Health & Human Services

Closing Time: A Master Plan for Doing More with Less

Hoping to shore up its ailing hospital industry, New York is shrinking the number of health care facilities in the state. It is doing so by using a process similar to the way the Pentagon closes military bases.
by | February 2006
 

Hoping to shore up its ailing hospital industry, New York is shrinking the number of health care facilities in the state. It is doing so by using a process similar to the way the Pentagon closes military bases.

A bipartisan commission is drafting suggestions for facilities to shut down, merge or reorganize. New York's concern is that if hospitals close purely on the basis of free-market Darwinism, then access to service in rural areas and inner cities could suffer.

The downsizing is needed because overcapacity has made it difficult for many hospitals in New York to stay afloat. Not-for-profit hospitals alone lost $127 million in 2004--their seventh straight year in the red. More than a dozen hospitals have shut down in the past few years. "Our hospital industry is on the brink of collapse," says David Sandman, the commission's executive director.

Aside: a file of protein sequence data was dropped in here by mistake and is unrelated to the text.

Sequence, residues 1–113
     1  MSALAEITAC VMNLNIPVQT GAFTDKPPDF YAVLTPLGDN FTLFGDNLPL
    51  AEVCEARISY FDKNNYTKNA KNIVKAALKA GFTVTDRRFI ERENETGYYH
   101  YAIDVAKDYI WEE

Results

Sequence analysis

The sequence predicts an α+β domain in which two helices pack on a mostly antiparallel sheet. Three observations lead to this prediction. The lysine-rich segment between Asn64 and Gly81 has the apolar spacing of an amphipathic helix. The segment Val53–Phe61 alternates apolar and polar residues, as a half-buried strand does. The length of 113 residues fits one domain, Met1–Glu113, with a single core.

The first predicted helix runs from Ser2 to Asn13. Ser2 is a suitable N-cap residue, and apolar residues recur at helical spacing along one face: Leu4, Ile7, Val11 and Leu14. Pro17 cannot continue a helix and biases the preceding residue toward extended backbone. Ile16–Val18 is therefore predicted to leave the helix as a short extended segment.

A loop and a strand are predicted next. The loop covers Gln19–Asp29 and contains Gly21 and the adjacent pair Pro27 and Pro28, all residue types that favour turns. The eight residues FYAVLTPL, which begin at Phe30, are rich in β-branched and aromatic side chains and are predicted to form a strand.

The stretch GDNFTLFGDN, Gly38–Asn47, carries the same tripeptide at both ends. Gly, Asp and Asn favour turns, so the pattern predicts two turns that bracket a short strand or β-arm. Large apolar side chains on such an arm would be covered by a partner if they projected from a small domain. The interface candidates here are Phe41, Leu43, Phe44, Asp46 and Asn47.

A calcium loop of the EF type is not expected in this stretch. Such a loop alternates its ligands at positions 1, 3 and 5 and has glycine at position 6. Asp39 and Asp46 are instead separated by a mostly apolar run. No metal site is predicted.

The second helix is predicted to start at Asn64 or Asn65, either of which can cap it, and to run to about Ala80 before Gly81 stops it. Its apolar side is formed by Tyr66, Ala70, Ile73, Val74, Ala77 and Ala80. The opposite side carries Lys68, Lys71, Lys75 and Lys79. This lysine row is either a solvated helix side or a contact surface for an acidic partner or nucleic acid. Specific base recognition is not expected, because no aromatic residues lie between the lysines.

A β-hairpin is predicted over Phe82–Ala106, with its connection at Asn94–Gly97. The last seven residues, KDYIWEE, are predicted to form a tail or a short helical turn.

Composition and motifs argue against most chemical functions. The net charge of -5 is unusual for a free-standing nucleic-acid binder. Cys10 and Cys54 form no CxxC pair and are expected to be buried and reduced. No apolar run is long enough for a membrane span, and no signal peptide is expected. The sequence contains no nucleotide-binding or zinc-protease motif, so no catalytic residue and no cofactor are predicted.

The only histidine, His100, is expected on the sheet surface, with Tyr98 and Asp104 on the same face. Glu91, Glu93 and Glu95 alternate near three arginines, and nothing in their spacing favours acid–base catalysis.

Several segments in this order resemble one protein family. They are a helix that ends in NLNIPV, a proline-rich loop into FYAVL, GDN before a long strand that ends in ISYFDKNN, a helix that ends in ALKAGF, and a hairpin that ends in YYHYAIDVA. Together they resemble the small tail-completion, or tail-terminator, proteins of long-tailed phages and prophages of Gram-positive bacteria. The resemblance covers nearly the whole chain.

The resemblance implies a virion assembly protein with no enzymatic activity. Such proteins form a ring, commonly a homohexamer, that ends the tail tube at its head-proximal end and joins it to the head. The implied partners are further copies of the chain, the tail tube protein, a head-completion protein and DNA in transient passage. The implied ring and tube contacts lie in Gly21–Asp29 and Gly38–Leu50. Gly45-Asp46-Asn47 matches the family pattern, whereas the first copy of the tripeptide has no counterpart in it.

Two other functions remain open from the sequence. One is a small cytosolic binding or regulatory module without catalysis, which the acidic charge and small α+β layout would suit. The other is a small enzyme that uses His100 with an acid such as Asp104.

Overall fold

Even the industry prefers a master-planned contraction. "We have a social imperative to override the market," says Kenneth Raske, president of the Greater New York Hospital Association. All communities will benefit when a smaller number of healthier hospitals can afford to invest in technology, he notes. "Those kinds of investments can't be done when you have a number of hospitals limping along."

The commission's suggestions are due by December 1. They take effect unless the legislature rejects the list in its entirety.

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